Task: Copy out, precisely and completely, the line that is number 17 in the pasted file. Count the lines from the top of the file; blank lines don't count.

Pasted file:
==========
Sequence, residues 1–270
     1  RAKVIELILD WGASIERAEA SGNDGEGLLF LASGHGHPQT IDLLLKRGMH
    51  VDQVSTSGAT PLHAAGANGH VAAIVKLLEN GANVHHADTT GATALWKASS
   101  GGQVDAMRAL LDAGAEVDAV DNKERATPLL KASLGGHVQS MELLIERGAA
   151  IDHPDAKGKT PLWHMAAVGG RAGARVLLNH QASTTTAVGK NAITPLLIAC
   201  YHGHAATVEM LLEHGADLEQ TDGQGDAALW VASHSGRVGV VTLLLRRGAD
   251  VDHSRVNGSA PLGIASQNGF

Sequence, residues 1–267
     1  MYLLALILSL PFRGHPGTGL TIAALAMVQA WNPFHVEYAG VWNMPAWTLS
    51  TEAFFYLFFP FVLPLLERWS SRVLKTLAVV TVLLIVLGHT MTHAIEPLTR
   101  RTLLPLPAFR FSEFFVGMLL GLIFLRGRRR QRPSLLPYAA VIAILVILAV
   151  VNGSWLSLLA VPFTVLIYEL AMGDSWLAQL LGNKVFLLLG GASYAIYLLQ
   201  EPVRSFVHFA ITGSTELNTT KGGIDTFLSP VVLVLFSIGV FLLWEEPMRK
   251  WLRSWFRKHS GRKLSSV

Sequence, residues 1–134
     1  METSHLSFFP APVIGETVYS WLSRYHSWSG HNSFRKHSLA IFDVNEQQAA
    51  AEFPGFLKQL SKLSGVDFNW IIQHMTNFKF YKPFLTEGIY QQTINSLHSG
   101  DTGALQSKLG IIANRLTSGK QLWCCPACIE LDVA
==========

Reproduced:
    51  AEFPGFLKQL SKLSGVDFNW IIQHMTNFKF YKPFLTEGIY QQTINSLHSG